By Vinh, Le Quang - Senior Partners (firstname.lastname@example.org)
Prior Use of “Red Cup” Defeated by Later Registered Trademark
In 2006 Société des Produits Nestlé S.A. (“Nestlé”) accused Gold Roast Viet Nam Co., Ltd (“Gold Roast”) of infringing its registered device trademark of “red cup” as depicted below:
The case originated from international registration no. 824804 dated April 27, 2004 filed by Nestlé seeking protection in Vietnam, amongst other countries, of a mark containing a device of red cup (no verbal element is included in the mark) used for coffee in class 30. The mark is initially rejected by NOIP by reason of lack of distinctive characters but the rejection was subsequently withdrawn upon appeal by applicant together with the proof of acquiring secondary meaning.
In finding the use of a red cup on coffee package by Gold Roast, Nestlé filed a request with Inspectorate of Ministry of Science and Technology (MoST) for handling infringement of its trademark along with National Office of Intellectual Property’s (NOIP) October 2006 expert opinion. MoST subsequently transmitted the case to Binh Duong province’s Department of Science and Technology’s Inspectorate (DoST) where Gold Roast’s principal address is based to be duly competent. March 6, 2008, DoST issued Decision 653/QD-XPHC imposing a sanction of VND100,000,000 (roughly $6,200) against Gold Roast because of a violation of registered trademark and in the meantime forcing Gold Roast to remove infringing elements.
Unsatisfied with the penalty, upon obtaining written appraisal by the Intellectual Property Research Institute (IPRI), a subsidiary under Vietnam Union of Science and Technology Associations (VUSTA), Gold Roast brought an administrative action before Binh Duong province’s People’s Court against Decision 653/QD-XPHC arguing that the sanction based on NOIP’s expert opinion is not accurate in nature as Gold Roast’s appearance of red cup is different from that of Nestlé and more particularly Gold Roast also proves the product consisting of such red cup had been imported into Vietnam since 1996, until the establishment of its factory in Vietnam in 2001, it had continued using that product while Nestlé is just granted protection since 2004. It is likely that the court held that both of NOIP’s expert opinion and IPRI’s appraisal conclusion were not assessment conclusion thus they are not accepted as evidence because the court by itself sought for expert opinion to Binh Duong Provincial Police’s Criminal Technical Division but was rejected by it due to its absence of expertise. Next, Criminal Scientific Institute (under Ministry of Security) when being asked for the same, already refused because the subject matter is lack of its own expertise. No assessment bodies while the appraisal and expert opinion included in the dossier are contrary ultimately forced the court to affirm DoST’s decision on Gold Roast’s infringement of use of red cup and declined Gold Roast’s lawsuit.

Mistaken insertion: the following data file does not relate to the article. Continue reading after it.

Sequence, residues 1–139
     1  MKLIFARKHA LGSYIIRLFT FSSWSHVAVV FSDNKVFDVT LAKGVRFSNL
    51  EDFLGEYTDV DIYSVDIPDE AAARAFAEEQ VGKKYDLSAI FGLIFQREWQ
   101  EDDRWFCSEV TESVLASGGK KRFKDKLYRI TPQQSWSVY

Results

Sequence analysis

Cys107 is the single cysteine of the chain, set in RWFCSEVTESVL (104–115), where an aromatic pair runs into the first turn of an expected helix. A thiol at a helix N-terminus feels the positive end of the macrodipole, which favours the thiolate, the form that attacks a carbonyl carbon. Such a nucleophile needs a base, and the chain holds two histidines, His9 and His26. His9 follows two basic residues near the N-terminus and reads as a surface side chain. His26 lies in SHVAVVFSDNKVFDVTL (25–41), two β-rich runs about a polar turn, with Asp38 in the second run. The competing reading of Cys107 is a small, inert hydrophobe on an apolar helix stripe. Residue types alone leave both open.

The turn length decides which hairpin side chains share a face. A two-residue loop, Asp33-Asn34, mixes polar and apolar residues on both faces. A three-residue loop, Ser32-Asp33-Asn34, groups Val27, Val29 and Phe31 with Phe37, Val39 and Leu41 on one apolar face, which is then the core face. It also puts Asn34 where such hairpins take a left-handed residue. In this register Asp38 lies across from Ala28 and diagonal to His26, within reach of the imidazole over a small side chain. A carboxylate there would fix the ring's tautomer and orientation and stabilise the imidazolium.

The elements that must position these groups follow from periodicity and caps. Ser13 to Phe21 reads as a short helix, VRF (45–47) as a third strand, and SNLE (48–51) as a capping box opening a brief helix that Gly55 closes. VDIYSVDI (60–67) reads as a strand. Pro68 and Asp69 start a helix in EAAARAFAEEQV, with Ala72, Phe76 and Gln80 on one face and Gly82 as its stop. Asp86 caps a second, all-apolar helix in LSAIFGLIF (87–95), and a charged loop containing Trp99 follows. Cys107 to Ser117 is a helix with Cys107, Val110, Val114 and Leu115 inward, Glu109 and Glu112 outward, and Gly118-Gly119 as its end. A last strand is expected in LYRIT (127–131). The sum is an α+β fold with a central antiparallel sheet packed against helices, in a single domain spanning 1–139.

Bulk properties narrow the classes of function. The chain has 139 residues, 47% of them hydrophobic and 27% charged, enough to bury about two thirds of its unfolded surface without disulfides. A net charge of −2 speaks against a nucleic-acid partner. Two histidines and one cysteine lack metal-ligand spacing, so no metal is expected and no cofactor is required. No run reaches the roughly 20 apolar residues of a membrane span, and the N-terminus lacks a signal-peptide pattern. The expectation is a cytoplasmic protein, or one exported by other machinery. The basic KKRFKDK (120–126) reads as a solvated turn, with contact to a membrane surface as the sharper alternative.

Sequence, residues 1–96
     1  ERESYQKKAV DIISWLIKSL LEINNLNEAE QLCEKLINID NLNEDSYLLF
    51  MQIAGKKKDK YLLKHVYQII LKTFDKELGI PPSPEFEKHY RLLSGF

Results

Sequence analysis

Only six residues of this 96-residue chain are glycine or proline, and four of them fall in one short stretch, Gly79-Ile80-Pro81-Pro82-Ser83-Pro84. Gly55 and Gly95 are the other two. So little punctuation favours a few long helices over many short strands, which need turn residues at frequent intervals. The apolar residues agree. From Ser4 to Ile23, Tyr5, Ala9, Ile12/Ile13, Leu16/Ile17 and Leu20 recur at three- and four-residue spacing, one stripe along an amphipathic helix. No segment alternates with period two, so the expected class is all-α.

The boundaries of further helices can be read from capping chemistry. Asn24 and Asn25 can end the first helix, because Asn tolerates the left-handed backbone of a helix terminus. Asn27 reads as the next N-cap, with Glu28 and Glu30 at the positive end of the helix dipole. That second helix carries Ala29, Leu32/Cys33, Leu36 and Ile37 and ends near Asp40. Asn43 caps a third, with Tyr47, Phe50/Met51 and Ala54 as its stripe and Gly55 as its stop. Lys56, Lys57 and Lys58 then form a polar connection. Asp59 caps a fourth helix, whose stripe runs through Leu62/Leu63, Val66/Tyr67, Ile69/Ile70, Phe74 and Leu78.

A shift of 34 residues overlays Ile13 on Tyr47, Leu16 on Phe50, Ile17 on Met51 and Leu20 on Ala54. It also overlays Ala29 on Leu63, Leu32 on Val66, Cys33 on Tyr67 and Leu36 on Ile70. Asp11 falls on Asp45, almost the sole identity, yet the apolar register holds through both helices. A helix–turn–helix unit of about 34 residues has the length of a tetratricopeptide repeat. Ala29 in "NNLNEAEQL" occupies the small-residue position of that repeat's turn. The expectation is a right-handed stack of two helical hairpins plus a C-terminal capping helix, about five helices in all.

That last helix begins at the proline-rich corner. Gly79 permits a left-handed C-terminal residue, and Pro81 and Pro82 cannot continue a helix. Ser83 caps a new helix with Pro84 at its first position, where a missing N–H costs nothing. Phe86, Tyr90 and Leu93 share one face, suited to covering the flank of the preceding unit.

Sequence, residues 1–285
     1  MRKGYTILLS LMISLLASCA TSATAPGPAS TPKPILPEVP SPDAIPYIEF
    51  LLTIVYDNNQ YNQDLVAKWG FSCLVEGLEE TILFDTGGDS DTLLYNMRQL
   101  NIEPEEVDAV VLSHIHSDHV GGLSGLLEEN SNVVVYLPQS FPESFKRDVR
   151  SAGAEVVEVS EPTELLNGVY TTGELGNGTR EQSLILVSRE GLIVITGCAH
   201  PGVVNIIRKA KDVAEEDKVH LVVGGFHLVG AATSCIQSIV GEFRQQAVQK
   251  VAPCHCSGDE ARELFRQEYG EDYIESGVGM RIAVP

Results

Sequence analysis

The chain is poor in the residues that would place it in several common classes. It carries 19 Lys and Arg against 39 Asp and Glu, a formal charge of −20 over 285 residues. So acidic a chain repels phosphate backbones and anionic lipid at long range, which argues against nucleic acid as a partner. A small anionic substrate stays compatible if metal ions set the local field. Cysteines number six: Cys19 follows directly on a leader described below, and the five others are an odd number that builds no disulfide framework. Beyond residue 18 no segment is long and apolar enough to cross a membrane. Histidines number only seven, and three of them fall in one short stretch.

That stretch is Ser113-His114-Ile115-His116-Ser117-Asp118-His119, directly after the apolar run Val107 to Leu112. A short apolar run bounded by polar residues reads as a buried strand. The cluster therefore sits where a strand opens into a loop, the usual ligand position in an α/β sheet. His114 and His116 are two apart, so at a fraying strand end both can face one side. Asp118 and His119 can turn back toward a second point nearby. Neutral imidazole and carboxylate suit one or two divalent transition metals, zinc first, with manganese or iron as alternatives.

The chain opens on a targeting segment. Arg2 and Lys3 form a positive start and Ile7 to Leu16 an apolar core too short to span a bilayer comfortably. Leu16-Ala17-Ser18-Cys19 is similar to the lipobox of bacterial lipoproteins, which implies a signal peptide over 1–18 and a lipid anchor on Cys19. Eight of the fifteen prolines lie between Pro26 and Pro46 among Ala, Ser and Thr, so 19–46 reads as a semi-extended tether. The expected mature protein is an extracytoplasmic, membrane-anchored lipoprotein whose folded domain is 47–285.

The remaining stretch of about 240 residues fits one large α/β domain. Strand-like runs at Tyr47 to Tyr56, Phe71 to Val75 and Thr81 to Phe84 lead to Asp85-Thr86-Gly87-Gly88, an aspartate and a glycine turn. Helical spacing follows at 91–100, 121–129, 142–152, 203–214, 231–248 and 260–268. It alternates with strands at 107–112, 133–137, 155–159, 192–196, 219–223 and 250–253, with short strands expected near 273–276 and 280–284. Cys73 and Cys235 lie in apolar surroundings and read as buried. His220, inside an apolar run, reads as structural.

In addition to the legal matter of expert opinion by NOIP on which the court decided the above case that is subject to our insight article titled Several Legal Issues Regarding Intellectual Property Appraisal Viewed from Theoretics to Reality and Completion Solution Therefor published on LinkedIN or website bross.vn or link:
https://www.linkedin.com/pulse/several-legal-issues-regarding-intellectual-property-appraisal-le?trk=v-feed&lipi=urn%3Ali%3Apage%3Ad_flagship3_profile_view_base_recent_activity_details_all%3BFzkIX0vsN81fuuwxT%2BR71Q%3D%3D or http://bross.vn/en/ip-practices/Several-Legal-Issues-Regarding-Intellectual-Property--Appraisal-Viewed-from-Theoretics-to-Reality-and-Completion-Solution-Therefor-1240, the main issue in this case are whether (1) fair or unfair if a trademark right established later may defeat another’s earlier used trademark similar thereto, and (2) first to file first to right rule is absolute one in civil law jurisdictions including Vietnam?